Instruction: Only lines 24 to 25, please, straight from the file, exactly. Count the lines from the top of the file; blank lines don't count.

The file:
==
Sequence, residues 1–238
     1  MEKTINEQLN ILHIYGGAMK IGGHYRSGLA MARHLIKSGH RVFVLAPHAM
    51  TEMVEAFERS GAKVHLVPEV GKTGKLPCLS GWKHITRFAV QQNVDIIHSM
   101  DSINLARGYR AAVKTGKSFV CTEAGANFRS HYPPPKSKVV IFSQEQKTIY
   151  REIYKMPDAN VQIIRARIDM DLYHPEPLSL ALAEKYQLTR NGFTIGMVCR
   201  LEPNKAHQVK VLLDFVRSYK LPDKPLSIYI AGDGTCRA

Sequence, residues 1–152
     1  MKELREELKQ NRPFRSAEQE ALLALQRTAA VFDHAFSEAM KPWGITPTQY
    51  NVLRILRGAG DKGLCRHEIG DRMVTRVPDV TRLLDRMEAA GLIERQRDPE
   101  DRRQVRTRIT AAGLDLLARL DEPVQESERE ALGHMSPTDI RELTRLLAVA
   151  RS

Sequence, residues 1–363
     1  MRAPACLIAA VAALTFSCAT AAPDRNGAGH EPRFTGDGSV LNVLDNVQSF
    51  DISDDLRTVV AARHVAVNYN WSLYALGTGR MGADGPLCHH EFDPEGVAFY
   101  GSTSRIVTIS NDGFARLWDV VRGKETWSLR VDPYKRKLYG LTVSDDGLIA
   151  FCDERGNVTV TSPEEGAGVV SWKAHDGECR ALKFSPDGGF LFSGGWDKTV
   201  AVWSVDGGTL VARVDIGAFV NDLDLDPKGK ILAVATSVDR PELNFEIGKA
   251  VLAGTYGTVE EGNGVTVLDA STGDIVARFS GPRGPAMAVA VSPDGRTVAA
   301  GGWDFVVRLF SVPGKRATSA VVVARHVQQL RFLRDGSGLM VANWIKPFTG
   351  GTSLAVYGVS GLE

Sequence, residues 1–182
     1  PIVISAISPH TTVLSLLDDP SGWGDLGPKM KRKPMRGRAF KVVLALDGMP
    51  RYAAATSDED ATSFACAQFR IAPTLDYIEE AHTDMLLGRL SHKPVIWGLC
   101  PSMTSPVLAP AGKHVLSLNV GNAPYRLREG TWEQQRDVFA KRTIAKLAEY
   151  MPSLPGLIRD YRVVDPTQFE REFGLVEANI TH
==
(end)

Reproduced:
   101  PSMTSPVLAP AGKHVLSLNV GNAPYRLREG TWEQQRDVFA KRTIAKLAEY
   151  MPSLPGLIRD YRVVDPTQFE REFGLVEANI TH